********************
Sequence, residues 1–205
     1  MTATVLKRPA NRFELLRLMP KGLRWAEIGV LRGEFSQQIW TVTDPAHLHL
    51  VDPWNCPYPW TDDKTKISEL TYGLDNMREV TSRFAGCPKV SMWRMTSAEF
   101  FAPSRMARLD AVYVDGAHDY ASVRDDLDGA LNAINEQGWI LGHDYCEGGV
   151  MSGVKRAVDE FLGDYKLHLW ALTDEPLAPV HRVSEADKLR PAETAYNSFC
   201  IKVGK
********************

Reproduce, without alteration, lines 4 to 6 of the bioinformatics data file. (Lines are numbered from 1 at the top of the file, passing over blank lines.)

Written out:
   101  FAPSRMARLD AVYVDGAHDY ASVRDDLDGA LNAINEQGWI LGHDYCEGGV
   151  MSGVKRAVDE FLGDYKLHLW ALTDEPLAPV HRVSEADKLR PAETAYNSFC
   201  IKVGK